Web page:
Government opposes special refugee ruling for army interpreters

The cabinet has decided there is to be no new ruling to protect foreigners who act as interpreters for the Dutch army on foreign missions, despite opposition calls for action.

MPs on Tuesday night debate the safety of interpreters in light of the case of Abdul Ghafoor Ahmadzai. He worked for the Dutch army in Uruzgan and first fled to Norway in 2010 after his brother was murdered. He came to the Netherlands when his asylum claim there was rejected.

Junior justice minister Fred Teeven had planned to deport Ahmazai to Norway, where he faced being returned to Afghanistan but has now relented and told the immigration services to investigate his case.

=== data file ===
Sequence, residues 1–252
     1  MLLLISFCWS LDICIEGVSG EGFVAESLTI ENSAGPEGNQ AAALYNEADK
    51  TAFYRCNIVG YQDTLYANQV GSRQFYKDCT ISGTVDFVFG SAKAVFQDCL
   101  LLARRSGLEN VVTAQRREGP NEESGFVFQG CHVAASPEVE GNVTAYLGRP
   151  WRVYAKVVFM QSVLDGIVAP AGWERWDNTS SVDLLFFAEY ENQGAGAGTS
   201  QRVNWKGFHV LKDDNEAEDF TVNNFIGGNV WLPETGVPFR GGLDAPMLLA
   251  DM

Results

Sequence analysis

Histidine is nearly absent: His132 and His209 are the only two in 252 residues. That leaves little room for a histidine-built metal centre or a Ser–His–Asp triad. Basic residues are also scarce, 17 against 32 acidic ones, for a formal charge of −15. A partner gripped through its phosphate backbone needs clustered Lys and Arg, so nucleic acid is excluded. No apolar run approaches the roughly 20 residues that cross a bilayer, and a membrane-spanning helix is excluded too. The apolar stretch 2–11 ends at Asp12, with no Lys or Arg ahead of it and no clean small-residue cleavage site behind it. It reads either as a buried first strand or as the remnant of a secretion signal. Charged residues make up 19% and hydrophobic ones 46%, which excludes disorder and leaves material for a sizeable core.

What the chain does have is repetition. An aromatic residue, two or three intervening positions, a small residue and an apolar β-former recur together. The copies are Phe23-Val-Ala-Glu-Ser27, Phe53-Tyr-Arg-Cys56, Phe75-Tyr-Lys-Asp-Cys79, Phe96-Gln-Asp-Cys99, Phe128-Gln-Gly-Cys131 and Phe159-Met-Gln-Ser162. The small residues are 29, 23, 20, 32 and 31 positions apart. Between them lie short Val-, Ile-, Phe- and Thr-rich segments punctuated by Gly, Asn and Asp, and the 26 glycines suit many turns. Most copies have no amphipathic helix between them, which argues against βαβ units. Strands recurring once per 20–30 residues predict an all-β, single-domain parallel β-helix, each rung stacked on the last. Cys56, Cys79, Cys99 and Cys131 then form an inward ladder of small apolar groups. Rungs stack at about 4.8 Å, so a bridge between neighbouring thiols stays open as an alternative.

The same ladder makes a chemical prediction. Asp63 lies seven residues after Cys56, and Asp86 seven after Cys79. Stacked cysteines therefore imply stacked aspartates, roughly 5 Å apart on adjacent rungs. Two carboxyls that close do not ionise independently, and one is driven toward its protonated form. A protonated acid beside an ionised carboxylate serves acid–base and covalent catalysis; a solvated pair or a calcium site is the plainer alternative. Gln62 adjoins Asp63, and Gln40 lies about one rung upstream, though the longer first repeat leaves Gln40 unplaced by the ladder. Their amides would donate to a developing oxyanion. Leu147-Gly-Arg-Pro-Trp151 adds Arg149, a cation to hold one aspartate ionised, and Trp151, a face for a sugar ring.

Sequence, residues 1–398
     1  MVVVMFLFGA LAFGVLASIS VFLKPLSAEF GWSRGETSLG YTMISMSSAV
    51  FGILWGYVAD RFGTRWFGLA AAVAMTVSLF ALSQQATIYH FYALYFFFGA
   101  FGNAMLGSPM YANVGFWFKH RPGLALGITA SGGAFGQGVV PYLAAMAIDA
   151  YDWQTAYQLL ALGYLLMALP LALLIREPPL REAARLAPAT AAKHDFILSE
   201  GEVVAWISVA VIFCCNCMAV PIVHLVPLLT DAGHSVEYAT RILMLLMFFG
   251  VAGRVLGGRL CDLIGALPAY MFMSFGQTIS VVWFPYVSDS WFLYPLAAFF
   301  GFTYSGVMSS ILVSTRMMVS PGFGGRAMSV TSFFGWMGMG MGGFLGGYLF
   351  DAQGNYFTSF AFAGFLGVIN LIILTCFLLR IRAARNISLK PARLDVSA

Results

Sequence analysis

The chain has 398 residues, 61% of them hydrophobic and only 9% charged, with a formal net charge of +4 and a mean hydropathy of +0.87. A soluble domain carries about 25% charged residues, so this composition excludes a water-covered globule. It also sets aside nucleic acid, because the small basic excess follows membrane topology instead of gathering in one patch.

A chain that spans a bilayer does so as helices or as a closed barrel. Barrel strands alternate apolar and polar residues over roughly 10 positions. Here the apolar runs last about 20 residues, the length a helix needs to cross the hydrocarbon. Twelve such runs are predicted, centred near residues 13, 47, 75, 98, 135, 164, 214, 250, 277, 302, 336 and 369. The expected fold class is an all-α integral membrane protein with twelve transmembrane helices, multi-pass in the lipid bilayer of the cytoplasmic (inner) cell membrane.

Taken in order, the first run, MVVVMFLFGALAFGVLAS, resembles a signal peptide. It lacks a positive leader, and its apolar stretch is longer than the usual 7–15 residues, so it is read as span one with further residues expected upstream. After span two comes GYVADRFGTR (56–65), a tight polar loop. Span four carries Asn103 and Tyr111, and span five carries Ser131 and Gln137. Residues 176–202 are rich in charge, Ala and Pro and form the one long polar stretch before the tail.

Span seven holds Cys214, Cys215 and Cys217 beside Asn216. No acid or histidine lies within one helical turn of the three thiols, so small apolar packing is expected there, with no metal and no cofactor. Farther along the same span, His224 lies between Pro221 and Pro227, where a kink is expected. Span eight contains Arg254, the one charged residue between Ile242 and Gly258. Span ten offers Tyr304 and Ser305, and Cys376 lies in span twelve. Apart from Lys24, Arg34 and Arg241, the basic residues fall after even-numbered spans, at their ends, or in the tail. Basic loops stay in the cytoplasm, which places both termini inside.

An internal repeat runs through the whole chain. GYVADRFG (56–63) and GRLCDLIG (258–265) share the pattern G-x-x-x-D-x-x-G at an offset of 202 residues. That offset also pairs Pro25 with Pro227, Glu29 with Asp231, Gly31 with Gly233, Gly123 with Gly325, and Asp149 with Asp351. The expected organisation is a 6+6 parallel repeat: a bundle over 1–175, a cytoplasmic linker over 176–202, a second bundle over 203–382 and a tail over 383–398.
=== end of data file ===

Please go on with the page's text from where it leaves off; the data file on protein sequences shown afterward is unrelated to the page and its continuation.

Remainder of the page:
Opposition MPs had called on the government to come up with proper rules to cover interpreters but Labour MPs said this is unnecessary.

Defence minister Jeanine Hennis told MPs during the debate interpreters and other locals who work for Dutch missions are not abandoned. ‘They deserve full support,’ she said.

There are, she said, sufficient options to protect interpreters. Military chiefs can request protection – which may lead to refugee status – and interpreters can request it themselves, although many are not aware of this option.

Around 120 locals worked for the Dutch as interpreters in Uruzgan between 2006 and 2010.

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